Easter Hope

The Nazareth Page - A gospel meditation for your home

April 4, 2021 – Easter Sunday - John 20:1-9

Download this simple process to Prepare for Sunday using the Observe, Judge, Act Method.

Many conversations today begin with the question: How are you doing these days? Implied in this inquiry is the fact that we continue to live in the shadow of the Covid-19 pandemic. Times are different these days. Daily options are limited. Routines have changed. We wonder what’s ahead. How will we be a few months from now?

For Lenten reading this year, I read Victor Frankl’s account of his experiences while living in Nazi concentrations camps during World War II. His thoughts are available in one of the most important books of the last century, Man’s Search for Meaning. An accomplished psychiatrist, Frankl lived in four camps (including Auschwitz) and was a keen observer of how people dealt with daily living under the worst of circumstances. Surely much worse than we are now experiencing. Yet we still can learn much from his observations. And they are clearly related to todays’ celebration of Easter.

Frankl asked the question why some prisoners survived those times, and others failed, while both groups faced similar difficulties. He concluded that it was often a matter of a person’s attitude about their own future. Those who looked forward to the future with even a small measure of hope gained a kind of power that helped them make it to that better future. And enriched their present experience. They did not give up. And life did not give up on them.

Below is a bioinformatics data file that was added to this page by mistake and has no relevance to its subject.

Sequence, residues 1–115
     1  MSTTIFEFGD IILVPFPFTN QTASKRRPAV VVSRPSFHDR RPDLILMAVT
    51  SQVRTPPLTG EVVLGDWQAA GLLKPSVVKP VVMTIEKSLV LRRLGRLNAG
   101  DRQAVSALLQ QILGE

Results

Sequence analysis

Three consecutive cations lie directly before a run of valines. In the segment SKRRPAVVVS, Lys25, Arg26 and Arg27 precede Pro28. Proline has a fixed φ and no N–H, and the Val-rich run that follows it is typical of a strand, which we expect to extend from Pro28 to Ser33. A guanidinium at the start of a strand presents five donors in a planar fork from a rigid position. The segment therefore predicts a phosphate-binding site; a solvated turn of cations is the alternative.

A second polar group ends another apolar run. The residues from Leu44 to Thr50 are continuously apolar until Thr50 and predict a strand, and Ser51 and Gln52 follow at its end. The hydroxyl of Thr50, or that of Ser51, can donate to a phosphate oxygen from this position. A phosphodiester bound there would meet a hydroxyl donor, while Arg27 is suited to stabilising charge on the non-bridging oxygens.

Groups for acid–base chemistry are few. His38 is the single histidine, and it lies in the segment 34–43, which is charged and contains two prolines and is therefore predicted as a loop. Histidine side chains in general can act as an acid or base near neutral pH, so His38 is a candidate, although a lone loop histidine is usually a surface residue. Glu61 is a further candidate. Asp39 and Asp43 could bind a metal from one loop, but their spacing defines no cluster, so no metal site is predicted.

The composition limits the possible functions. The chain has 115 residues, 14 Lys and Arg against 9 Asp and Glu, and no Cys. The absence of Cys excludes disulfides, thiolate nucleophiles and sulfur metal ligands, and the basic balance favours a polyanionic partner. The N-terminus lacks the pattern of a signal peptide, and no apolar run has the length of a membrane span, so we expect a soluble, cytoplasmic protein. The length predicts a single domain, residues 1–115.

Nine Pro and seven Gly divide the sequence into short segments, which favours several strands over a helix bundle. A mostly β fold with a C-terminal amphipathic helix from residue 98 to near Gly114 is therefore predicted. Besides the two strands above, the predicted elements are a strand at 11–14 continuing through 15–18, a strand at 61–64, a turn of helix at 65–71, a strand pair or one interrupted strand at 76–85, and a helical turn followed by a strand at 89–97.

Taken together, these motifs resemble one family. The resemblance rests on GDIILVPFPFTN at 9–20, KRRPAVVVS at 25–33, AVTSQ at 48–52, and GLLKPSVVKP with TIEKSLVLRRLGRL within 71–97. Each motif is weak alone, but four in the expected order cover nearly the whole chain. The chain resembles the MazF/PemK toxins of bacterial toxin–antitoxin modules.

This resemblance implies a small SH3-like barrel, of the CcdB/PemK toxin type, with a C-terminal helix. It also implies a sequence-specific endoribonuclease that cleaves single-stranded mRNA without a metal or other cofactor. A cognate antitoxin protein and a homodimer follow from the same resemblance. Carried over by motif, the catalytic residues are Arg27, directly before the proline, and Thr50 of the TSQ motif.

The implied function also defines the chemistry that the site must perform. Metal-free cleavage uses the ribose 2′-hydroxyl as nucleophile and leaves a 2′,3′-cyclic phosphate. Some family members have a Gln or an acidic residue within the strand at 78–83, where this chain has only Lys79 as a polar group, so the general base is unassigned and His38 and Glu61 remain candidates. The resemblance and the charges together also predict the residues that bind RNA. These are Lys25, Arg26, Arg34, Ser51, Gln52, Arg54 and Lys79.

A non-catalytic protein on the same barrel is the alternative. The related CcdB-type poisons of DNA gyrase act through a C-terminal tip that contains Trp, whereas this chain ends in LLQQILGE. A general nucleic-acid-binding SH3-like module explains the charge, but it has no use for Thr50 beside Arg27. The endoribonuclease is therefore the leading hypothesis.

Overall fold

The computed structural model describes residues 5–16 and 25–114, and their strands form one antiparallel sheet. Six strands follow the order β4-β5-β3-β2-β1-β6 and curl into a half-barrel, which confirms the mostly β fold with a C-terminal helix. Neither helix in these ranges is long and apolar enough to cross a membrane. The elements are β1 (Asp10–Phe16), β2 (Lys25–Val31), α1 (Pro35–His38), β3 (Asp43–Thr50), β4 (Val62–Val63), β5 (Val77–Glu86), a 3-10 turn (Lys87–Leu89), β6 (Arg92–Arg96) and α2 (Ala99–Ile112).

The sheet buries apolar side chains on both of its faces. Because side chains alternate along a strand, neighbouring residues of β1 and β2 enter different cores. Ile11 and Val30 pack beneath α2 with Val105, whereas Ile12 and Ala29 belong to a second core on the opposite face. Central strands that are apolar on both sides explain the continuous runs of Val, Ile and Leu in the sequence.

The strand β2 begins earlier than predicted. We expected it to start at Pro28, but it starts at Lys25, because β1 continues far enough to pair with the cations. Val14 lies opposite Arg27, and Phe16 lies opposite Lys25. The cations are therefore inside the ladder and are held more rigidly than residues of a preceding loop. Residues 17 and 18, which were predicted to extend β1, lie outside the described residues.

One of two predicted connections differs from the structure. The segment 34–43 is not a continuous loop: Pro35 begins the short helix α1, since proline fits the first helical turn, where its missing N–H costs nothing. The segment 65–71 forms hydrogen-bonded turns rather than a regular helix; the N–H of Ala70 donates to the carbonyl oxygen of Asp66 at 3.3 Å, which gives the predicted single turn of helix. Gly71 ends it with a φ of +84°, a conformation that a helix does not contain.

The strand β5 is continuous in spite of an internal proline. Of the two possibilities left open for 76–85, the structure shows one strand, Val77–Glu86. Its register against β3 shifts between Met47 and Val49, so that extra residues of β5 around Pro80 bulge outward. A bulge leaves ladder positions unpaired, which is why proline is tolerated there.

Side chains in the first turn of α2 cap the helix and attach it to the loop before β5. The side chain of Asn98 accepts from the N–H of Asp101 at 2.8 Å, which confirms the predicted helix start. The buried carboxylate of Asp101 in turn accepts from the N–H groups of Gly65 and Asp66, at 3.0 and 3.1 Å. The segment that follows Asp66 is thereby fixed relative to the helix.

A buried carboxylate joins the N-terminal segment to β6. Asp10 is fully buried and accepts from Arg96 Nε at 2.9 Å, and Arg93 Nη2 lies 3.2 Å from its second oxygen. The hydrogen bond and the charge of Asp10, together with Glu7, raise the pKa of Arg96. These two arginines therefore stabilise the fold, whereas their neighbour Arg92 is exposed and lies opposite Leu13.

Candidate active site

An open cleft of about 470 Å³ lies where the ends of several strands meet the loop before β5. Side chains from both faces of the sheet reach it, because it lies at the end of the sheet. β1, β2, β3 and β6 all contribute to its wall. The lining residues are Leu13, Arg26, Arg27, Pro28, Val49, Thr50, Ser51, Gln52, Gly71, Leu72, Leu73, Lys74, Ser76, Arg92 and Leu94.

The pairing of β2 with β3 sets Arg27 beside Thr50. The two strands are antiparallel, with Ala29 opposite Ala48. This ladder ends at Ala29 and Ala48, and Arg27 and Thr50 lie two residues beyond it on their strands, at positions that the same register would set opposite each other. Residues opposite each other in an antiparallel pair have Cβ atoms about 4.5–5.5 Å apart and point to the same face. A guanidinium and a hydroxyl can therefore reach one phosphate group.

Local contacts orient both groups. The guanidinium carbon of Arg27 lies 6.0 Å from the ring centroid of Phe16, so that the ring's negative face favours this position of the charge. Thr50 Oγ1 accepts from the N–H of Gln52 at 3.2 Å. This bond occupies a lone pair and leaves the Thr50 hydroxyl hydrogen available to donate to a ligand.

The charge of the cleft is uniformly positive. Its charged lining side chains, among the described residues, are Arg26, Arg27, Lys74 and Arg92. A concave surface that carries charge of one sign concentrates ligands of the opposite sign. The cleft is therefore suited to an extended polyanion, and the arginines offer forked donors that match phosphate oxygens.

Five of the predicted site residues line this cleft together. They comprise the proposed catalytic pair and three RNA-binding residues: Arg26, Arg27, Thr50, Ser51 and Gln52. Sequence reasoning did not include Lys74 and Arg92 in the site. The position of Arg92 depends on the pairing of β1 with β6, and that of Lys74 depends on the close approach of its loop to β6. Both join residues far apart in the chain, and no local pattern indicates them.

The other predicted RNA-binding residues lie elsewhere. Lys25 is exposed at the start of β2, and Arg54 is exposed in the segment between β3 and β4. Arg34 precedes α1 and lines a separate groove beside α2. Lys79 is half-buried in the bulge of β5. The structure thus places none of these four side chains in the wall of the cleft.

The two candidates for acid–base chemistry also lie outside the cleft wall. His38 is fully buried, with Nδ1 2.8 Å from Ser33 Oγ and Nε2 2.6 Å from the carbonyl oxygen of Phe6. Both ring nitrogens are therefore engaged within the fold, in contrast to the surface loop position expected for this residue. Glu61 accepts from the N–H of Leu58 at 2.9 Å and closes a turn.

Today, as we celebrate Easter, we recall not only what happened to Jesus after his death, but reflect on how we are living our own lives right now. Today’s gospel ends with the words, “he had to rise from the dead.” That’s because death is not the final word in God’s creation. Not for Jesus or for us!

God gave us life when we came into the world and will not take away that gift from us. As John’s gospel put this: we are not only given life, but also the capacity of living that life abundantly. So, Easter is not just an affirmation of future life, but of life right now. A life endowed with courage and hope.

Easter reminds us that there’s a hopefulness stitched into the fabric of our lives. Even in these times. So how are you doing? And does an Easter-inspired faith inspire us to move ahead with hope and enthusiasm through whatever challenges, concerns and worries we may have?  

©David M. Thomas, PhD

Contact Us Give online Register - Renew